For three days, the media has been debating whether or not Northern Macedonia’s EU membership is a security issue.

Before he goes unanswered, here is my opinion. The opposition, which has never admitted its share of guilt for not resolving the Macedonian-Greek dispute, a condition for NATO membership, now says that with NATO membership, our country no longer has security problems. She added that a government official’s claim that EU membership was a matter of security was a fabrication to justify a quick capitulation to the dispute with Bulgaria.

First, I think they are hoping in vain for such a lightning-fast outcome that will absolve them of responsibility and catapult them to power from a wave of popular discontent. The issue with Bulgaria is much more complicated than with Greece, and no one, not even the opposition, will be able to distance themselves from resolving it. In fact, in this case, the rule that only a conscious nationalist leader can reach an agreement with Bulgaria can be confirmed, just as only a conscious American right-wing president, the anti-communist Richard Nixon, could resolve the dispute with Communist China. But such a moment is not even seen on our political horizon.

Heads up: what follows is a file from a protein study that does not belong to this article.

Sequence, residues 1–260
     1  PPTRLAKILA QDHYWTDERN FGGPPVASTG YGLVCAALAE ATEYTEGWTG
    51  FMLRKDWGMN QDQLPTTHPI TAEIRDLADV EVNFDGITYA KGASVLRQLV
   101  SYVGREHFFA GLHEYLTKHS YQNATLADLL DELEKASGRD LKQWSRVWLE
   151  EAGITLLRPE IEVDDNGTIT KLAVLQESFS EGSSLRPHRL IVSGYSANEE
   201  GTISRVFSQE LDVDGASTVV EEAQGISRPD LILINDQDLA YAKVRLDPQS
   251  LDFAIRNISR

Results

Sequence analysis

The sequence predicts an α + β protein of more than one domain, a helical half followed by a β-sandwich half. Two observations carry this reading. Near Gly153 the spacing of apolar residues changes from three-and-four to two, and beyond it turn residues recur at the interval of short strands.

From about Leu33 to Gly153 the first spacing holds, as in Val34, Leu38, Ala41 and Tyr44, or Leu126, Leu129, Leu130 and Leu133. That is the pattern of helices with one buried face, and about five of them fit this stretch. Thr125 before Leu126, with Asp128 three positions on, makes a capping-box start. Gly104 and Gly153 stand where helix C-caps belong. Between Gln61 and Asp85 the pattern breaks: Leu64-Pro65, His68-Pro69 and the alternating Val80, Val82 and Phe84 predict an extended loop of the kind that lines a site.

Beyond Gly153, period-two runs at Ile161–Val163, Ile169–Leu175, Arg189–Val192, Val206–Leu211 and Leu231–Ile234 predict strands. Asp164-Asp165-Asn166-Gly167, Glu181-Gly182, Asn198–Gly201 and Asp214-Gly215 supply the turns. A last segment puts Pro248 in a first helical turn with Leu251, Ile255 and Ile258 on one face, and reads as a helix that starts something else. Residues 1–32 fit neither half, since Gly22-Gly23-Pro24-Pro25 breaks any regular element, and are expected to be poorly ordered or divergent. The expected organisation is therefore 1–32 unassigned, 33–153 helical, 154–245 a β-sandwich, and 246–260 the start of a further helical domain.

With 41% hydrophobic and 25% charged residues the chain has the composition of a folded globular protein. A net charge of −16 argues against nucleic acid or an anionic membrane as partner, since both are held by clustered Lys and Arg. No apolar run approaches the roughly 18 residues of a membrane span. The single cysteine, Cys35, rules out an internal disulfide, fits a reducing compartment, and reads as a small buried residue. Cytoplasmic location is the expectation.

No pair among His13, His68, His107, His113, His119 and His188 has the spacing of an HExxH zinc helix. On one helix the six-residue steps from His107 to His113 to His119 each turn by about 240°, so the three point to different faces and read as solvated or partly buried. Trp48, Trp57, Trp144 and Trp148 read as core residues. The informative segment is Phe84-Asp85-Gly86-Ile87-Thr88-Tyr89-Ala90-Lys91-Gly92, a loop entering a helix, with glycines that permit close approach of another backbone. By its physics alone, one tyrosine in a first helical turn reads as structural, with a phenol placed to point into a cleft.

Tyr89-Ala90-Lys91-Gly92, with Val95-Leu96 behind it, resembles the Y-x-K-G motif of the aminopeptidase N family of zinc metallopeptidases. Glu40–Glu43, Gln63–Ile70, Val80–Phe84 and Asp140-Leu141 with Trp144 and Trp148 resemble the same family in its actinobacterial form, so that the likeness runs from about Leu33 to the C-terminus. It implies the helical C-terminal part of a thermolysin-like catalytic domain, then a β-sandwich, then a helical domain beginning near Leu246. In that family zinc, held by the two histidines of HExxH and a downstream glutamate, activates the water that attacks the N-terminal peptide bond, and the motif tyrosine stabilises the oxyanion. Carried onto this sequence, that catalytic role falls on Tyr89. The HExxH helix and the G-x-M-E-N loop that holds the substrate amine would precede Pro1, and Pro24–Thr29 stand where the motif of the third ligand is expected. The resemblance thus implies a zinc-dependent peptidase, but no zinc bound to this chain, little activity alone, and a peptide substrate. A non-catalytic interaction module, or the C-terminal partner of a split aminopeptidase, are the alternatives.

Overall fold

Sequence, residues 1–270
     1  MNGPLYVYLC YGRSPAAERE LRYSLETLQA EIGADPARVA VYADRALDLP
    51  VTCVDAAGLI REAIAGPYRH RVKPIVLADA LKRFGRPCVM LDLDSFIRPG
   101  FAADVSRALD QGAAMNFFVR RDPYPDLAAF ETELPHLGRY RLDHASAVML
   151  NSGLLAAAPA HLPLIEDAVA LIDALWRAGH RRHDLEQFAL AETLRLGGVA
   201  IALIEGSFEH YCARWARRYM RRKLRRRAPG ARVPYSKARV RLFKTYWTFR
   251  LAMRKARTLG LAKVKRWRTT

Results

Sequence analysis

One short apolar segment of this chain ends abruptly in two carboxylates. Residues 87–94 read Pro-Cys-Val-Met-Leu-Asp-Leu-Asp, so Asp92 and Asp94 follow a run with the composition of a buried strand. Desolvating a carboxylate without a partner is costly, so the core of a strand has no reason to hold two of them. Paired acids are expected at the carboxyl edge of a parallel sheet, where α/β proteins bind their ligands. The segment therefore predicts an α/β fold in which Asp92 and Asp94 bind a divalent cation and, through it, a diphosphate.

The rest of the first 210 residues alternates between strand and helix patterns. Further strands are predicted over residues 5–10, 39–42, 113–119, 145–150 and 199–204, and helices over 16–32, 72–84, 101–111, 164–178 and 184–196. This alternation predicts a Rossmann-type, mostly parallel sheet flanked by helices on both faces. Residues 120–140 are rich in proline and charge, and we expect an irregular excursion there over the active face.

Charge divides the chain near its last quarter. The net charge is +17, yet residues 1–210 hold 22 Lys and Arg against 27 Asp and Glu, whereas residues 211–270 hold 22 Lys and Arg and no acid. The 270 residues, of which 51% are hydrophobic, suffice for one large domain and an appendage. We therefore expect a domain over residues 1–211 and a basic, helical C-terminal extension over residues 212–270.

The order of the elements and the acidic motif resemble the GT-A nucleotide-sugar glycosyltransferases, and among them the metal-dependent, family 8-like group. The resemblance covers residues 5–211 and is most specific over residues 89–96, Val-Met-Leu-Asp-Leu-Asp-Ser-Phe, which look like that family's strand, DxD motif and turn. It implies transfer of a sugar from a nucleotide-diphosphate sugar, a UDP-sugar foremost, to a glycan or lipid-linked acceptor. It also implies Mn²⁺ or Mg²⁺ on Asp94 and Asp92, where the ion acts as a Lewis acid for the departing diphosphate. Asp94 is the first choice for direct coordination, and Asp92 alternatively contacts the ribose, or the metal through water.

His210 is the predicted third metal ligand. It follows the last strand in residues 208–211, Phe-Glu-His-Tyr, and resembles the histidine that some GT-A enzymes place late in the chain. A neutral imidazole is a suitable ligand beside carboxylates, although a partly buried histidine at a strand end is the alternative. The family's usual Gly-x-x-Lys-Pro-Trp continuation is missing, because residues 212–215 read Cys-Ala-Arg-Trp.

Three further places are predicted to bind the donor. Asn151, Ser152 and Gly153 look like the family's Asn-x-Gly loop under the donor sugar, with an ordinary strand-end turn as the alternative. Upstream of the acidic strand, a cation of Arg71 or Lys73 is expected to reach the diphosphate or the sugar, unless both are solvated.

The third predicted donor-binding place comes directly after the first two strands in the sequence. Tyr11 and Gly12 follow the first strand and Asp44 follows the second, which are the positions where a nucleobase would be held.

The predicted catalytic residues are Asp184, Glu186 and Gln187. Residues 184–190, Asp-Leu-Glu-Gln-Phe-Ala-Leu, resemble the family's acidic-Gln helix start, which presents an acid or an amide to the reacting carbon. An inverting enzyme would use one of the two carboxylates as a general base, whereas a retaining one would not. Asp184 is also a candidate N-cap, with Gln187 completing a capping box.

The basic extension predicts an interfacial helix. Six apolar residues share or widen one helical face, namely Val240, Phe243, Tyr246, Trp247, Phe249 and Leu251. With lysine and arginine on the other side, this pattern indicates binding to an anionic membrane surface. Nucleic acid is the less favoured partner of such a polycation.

The leader of the Macedonian nationalists and his party will first have to bear the responsibility of the government, not just criticism from the opposition. But their re-rule would mean a crisis, a product of lost years for the Macedonian state and its peoples. Here, in these lost years until the start of negotiations with the EU, the problem of security is emerging. The insistence on starting negotiations with Northern Macedonia and Albania is also a consequence of the West’s fear of a future in which Albanians in Albania will move quickly towards the EU, causing an imbalance with Macedonia. I am talking about the danger of growing dissatisfaction with the representatives of the Macedonian state in the face of the members of the Albanian ethnic community.

Such a development, in which Macedonia stands in one place, could in the future radicalize the second largest ethnic community in favor of unification with Albania, the more successful of the two countries. As it became inadmissible to shoot at its own citizens after the Yugoslav wars, the scenarios that will follow threaten not only the security of RS Macedonia, but also its territorial integrity.

NATO cannot help if a country collapses from within because of its wrong policies.